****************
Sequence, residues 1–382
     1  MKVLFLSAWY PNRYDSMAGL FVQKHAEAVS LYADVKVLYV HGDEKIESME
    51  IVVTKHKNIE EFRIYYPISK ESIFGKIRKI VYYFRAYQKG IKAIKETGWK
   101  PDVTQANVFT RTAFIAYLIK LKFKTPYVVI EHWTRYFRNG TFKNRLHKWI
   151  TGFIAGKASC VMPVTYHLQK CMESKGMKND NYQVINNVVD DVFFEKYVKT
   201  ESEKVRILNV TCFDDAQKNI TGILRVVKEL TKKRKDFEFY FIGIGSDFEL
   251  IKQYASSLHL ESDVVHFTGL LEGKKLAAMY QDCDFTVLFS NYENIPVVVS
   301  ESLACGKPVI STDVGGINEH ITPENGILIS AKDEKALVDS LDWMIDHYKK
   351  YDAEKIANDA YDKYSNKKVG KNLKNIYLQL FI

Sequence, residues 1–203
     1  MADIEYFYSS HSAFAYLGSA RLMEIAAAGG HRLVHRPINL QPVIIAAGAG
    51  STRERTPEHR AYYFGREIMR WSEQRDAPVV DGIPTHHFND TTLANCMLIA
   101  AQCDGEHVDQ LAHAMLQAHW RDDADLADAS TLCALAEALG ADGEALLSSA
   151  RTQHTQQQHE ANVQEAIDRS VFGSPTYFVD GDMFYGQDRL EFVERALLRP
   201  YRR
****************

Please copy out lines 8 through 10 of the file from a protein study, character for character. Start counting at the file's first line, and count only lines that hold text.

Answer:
   301  ESLACGKPVI STDVGGINEH ITPENGILIS AKDEKALVDS LDWMIDHYKK
   351  YDAEKIANDA YDKYSNKKVG KNLKNIYLQL FI

Sequence, residues 1–203